Author Bruce Brown shows respect for his young audience from page one, choosing a quote from Edgar Allen Poe to set the tone for the novel and to let readers know he isn’t talking down to them. Podesta’s art also shows the same type of dark sophistication seen in some of the adult horror comics, while not being too graphic to scare off young readers. There is nothing they haven’t seen in the stylized worlds of a Harry Potter film, with the main character given a softer look I would describe as manga-meets-Secret of Kells. The “Lovecraftian” world of hidden tomes, secret universes and monstrous beings also exists in Brown’s book, yet the hopeless dread is scaled back. And where a real Lovecraft story may be solely focused on the protagonist’s intellectual journey into madness, this novel focuses more on the adventurous aspects, something that is easier to grasp for a younger crowd. Humor wasn’t exactly one of Lovecraft’s trademarks, but ‘Frozen Kingdom’ also adds this in, having some fun with the eccentricities of the monstrous creations.
This book is the type of stuff I would have gravitated to as a youth, yet was often hard to find. I also recommend this novel for the vocabulary challenges. No, it won’t send kids running to the dictionary/Wikipedia every two seconds, but Howard Lovecraft and the Frozen Kingdom doesn’t shy away from “big people” words. Finally, for genre-loving parents like myself, this is a great way to get your tween/teen interested in the works of a classic writer while showing them that horror didn’t start with twinkling vampires and sexy werewolves. Bruce Brown is hoping to turn the story of the young ‘Howard Lovecraft’ into a trilogy, if sales permit. We hope you will go grab a copy so we can make it happen!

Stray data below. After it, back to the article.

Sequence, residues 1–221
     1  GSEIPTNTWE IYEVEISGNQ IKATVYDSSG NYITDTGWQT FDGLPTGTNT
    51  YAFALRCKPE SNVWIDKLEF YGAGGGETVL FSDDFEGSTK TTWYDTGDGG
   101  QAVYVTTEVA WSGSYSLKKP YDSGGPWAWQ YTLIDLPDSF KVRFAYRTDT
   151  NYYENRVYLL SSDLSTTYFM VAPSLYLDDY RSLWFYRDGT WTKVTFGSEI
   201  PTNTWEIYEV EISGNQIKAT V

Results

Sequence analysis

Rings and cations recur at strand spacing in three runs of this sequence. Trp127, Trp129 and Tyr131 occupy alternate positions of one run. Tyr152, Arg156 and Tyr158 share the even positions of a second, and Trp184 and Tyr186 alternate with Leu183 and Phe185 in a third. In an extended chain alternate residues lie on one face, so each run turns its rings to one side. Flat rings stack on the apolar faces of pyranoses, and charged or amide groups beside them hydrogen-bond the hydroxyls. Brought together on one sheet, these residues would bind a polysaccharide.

Purchase your copy now and/or read a few sample pages on the official site.
Howard gets his surprise tome
Howard meets Spot
As declared in my previous post, I get very excited when I hear of a cool kid’s project coming out of the Beantown area. While many of my Boston compadres may get giddy with pride over the Red Sox, this media geek does the same for companies and talent putting together quality projects for the kid demographic. So, I was thrilled to learn that my newly-acquainted chai buddy Dave Schlafman was the illustrator of a tween book series, Monster Squad.
Tween-friendly terrors: Monster Squad Cover Art
Written by author Laura Dower (From the Files of Madison Finn), the Monster Squad series is already up to book three, with the fourth set for a release this spring. The series focuses on a rag-tag group of four tweens recruited by director Oswald Leery to stop his own B-movie monster creations from wreaking havoc. It seems Leery accidentally brought them to life and only monster-loving Jesse Ranger and his friends can put them back where they belong.